Day two was a pleasant change from the cold, windy mountaintops of Loughrigg; the group found itself tackling several orienteering courses at the seaside locale of Haverigg Dunes. This terrain was particularly challenging, as most of the navigation involved detailed identification of odd-shaped dune formations with the contours. But a number of CUOC members distinguished themselves with brilliant and innovative orienteering technique. The first of these occurred during the opening exercise, which required traveling quite far down the dunes. But progress was halted by the presence of a locked fence, guarded by a group of mad farmers (?) in the process of berating their misbehaving dog. Ann Marie overcame this altogether strange situation by using her non-orienteering skills to persuading the folks to unlock the gate and give access to the second half of the course. Phewww...I hope I don't have to do that in a "real" orienteering match! During the final relay-team exercise, Anne Osborne demonstrated her masterful skills by managing to quickly find a control that her relay partner (who will go unnamed) had completely misplaced. Said partner was off relaxing on a comfy dune at that point. Rumor also has it that Ed Ward was so fast during his relay legs that he actually scaled the fence of the adjacent prison to have a chat with some inmates.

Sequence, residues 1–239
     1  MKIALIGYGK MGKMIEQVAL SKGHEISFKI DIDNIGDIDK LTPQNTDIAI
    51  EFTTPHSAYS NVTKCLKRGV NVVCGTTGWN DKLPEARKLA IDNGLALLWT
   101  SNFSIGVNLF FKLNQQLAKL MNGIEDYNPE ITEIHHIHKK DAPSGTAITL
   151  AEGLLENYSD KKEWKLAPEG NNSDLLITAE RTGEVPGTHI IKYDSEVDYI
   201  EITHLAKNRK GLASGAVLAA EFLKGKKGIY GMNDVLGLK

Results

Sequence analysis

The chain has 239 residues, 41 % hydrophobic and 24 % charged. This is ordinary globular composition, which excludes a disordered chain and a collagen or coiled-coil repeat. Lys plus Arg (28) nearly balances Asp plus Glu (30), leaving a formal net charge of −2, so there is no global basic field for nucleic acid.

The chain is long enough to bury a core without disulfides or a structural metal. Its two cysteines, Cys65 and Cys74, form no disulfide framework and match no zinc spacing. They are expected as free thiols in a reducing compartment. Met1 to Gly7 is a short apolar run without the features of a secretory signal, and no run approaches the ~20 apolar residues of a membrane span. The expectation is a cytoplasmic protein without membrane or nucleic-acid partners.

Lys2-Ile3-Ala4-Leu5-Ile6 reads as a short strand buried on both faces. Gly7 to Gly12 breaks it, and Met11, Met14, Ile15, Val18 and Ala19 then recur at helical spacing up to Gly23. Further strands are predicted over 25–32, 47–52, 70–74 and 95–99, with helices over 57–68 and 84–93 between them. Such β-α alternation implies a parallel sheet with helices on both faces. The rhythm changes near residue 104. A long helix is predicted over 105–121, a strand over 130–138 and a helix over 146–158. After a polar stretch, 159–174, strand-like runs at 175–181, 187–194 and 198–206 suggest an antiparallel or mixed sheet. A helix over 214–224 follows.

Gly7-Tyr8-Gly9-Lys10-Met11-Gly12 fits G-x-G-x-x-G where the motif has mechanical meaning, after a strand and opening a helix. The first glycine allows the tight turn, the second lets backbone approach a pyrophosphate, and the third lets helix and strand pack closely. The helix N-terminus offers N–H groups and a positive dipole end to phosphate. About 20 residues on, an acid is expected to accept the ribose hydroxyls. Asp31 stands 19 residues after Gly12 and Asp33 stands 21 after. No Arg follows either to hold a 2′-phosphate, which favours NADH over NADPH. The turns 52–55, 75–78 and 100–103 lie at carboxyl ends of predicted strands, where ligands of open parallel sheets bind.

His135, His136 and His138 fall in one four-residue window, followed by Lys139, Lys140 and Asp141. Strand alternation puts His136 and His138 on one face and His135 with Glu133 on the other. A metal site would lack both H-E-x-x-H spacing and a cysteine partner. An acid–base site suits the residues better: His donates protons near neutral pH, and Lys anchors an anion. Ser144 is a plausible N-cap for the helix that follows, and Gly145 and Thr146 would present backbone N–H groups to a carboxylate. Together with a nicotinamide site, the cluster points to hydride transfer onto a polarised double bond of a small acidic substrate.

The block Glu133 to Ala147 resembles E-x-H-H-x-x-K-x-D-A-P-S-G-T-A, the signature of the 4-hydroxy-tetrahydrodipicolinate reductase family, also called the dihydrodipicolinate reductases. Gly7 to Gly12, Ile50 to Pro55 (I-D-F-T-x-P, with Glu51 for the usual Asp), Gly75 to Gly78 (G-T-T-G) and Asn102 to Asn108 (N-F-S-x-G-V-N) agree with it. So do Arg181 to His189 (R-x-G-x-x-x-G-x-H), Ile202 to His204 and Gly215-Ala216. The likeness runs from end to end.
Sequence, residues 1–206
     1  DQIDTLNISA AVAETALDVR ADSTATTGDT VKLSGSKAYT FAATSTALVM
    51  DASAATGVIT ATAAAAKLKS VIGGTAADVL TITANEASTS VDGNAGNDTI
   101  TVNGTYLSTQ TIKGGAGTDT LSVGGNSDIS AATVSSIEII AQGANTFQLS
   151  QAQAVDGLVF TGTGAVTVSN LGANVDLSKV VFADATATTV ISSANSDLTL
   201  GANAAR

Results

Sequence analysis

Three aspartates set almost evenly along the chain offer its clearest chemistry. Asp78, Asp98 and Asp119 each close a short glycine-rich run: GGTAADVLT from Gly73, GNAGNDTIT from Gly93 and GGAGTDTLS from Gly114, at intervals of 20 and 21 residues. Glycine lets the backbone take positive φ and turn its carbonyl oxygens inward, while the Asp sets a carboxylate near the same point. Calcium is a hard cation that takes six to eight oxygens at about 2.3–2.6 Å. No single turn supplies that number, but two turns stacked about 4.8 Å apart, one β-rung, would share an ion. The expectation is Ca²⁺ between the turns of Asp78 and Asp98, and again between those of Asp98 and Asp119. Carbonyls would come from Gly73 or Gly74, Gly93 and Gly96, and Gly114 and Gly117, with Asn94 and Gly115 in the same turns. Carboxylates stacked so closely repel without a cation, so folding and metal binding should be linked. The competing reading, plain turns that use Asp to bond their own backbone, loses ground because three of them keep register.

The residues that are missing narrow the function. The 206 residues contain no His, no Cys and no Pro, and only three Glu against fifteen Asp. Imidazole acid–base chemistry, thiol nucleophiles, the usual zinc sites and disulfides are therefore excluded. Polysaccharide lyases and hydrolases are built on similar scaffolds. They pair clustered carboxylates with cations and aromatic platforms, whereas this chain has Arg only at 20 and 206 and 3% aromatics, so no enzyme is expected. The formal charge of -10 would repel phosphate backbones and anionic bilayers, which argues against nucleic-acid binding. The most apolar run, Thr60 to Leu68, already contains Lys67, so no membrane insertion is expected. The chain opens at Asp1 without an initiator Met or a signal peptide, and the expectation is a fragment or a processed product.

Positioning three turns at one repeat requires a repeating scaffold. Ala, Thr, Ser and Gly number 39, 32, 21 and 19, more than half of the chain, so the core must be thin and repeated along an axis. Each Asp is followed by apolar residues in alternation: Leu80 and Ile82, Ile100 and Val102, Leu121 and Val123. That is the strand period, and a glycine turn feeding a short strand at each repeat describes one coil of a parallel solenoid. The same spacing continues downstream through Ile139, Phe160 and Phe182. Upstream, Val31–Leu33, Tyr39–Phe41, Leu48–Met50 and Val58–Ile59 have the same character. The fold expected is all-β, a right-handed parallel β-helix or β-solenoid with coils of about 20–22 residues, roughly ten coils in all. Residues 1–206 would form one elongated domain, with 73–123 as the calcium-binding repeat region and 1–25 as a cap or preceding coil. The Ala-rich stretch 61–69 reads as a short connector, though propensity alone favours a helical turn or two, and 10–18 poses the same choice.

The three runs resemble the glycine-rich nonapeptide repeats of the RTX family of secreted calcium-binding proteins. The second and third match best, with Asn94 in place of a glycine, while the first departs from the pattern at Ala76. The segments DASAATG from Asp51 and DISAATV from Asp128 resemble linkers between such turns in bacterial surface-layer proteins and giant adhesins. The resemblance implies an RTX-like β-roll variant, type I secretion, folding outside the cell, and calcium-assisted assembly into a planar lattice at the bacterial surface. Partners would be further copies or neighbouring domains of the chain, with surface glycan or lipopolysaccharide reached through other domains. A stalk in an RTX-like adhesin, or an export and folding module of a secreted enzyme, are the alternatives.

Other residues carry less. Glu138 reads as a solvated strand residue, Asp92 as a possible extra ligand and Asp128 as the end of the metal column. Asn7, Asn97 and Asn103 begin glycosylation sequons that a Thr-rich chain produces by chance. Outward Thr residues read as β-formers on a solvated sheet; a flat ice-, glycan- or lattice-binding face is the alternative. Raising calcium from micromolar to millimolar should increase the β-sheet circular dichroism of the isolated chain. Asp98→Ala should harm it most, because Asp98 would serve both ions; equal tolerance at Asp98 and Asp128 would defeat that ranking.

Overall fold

The third day began with some covert activity on the part of Ann Marie, who snuck out of the hostel before anyone else awoke and crept down the road to observe some sheep (yes, they do orienteering too!). But the real fun occurred at Bigland, a mostly forested terrain (with some more sheep...). Anne organised some fabulous exercises here, including a contour-following task and an old-smart-orienteerers-help-the-little-hopeless-ones game. All of the CUOC members got to hone their pit and crag-locating skills and improve their ability to use catching features. Particularly impressive were Blanka and Mark's skills in relocating themselves when their mischievous partner led them to an obscure corner of the map and had no idea where they were. Of course, it helped that Alan starting making whooping noises from the largest hilltop.
The final day of orienteering took place at Great Tower Wood - some hilly, forested terrain near a scout camp. I don't know about anyone else, but I failed to find a "great tower." Oh well. Courses were planned by Blanka, and everyone declared that her choice of approximately 10,000 meters' elevation change was downright cruel. But in the end, all benefited from the exercise and didn't seem too worse for the wear. The highlight of the day was running the same course twice, but with the start order reversed the second time around. Hence, the more experienced CUOC members had to try to catch the newbies, who started earlier. But some of the new people were too fast, and the older ones were stuck wading across some unappealing swamps...moo ha ha ha! At the end of the day, all the aching legs found themselves back in the van for the long ride back to Cambridge.
All in all, it was a fantastic trip. Special thanks go to Blanka for taking on most of the organisational drudgery!
Written by Ann Marie Cody